TCA’s 2020: ‘Motherland: Fort Salem’ Depicts a Women-Led World

Motherland
Motherland

I scream, you scream, we all scream for bad-ass women kicking ass!

When people first think of military-based shows, usually they’re immediate thoughts are of ones that are historical and usually have a cast of all-male characters. Freeform’s upcoming series called: Motherland: Fort Salem is practically the exact opposite of that. Add in the fact that they’re witches and you have one of the most unique premises for a show this writer has ever heard of!

Freeform presents the upcoming series as the following:

Set in an alternate, present-day America where witches ended their persecution 300 years ago by cutting a deal with the burgeoning U.S. government to fight for their country, Motherland: Fort Salem follows three young women from basic training in combat magic into terrifying and thrilling early deployment. In this world, the traditional roles of gender and power are flipped, with women on the front lines fighting looming terrorist threats that are strikingly familiar to our world, but with supernatural tactics and weapons.

Over this past weekend at TCA’s Winter Press Tour, the creator, Eliot Laurence, and the cast were in attendance to talk more about the show and what we can expect from it, their magic system (or as they call it ‘work’), etc.

The first interesting fact we learned was that the idea and early drafts of this show started about nine years ago! From a book series, a movie, and finally as a television series, Eliot Laurence tried to find the perfect medium to tell this story. But after some time, he realized the way to truly tell this story was through television.

Witches Get Stuff Done.
Credit: Freeform

As featured in the trailers we’ve seen, the main enemy of the series is a group of mysterious people called the Spree. When asked if other villains/enemies will occur, given that it’s a military-based show, Laurence states, “For now it’s the Spree. but I’m not ruling out fighting with other nations. There are border conflicts and proxy wars that the U.S. is involved with in this timeline, but it’s mostly the Spree. That’s the big enemy.”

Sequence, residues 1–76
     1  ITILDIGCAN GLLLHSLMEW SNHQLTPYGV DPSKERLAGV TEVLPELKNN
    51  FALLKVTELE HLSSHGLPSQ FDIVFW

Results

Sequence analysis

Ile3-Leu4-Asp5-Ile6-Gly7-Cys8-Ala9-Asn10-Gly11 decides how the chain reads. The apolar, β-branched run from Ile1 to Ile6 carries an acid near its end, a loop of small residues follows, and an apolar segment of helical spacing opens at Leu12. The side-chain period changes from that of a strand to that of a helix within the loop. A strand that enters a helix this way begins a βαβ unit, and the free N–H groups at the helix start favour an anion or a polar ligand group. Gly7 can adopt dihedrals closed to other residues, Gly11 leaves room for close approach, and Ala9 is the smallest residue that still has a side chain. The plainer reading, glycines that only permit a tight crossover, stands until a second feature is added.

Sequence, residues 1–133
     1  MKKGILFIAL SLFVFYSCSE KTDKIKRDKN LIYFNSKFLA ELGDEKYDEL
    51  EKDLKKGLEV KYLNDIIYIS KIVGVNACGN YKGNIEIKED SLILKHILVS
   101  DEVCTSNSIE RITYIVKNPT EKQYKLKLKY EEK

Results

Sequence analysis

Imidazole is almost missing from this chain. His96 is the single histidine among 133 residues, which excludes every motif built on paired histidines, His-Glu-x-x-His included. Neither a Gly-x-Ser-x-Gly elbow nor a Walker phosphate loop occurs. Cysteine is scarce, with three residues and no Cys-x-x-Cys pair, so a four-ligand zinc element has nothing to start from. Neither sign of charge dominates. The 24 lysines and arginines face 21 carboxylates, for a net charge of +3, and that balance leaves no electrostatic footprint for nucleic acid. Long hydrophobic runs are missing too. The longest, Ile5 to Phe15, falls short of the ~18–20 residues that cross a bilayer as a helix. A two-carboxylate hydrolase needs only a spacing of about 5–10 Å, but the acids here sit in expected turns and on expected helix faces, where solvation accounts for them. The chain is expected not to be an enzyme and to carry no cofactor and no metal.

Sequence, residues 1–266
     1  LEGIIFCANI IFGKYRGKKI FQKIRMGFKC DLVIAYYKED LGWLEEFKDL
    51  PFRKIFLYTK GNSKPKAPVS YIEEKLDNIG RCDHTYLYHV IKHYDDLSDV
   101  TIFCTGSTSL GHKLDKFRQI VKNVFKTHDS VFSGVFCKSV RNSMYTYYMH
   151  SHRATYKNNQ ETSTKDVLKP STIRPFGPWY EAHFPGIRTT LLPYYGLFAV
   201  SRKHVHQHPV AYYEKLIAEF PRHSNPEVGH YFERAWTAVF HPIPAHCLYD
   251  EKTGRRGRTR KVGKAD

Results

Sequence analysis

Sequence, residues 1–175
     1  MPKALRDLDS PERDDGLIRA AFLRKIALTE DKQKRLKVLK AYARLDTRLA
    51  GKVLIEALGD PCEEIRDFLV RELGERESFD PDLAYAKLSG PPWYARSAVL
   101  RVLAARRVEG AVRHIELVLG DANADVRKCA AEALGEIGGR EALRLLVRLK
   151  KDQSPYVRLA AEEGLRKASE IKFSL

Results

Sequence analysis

The first thing that caught this writer’s attention, was how they were portraying witches in such a unique way. This is obviously not going unnoticed by everyone else, and it’s apparent a lot of time and thought has been taken on this. “Everything in the show is kind of an homage to witch history,” says Laurence. “For example, the marks that the witches are born with that change when you have sex, is sort of a reclaiming of the marks that were used to indict and identify witches during the burning times.”

Even the way the characters use magic (the word is actually never stated in the show. Magic is deemed as “work”) is a unique concept. Instead of saying spells from a spell book or waving their arms every which way, it’s all done through various sounds. Laurence explained his way of thinking behind it: “I wanted to have this be fantasy through a science fictional lens. So, I wanted all of the magic to be based in kind of real stuff. So, instead of magical words you find in a spell book, it’s sounds and combinations of sounds and these very intricate frequencies that the witches are able to create.”

Just from looking at the cast and hearing what the show’s about, we’re very much aware that this is a female-dominated show. Even more so since the gender roles have basically been flipped. It’s women saving the world and on the frontlines, not men. They really have to work together to be strong as a single unit.  “I see in all our communities and media is women tearing down other women,” says Taylor Hickson (Raelle Collar). Which is exactly the opposite message from what this show is trying to convey. Even how the show is handling sexuality is more freeing and uncomplicated than most teen dramas. “For these young women, their sexuality is not something that complicates their lives or labels them in a certain way. It’s something that informs their very power, and it’s something that they’re able to employ to astonishing effect,” says Laurence.

Lastly, even how Freeform is marketing the show is exactly how they wanted it! “We’re actually screaming!” says Hickson. “So from the pentagrams and the flag and their faces and the fierceness and the boldness of what you guys are seeing with the marketing and the things that are still yet to come…we think it’s fantastic,” says executive producer Kevin Messick.

Motherland: Fort Salem premieres on Freeform on March 18th!

The newly released trailer can be seen below.

Source: Freeform Transcript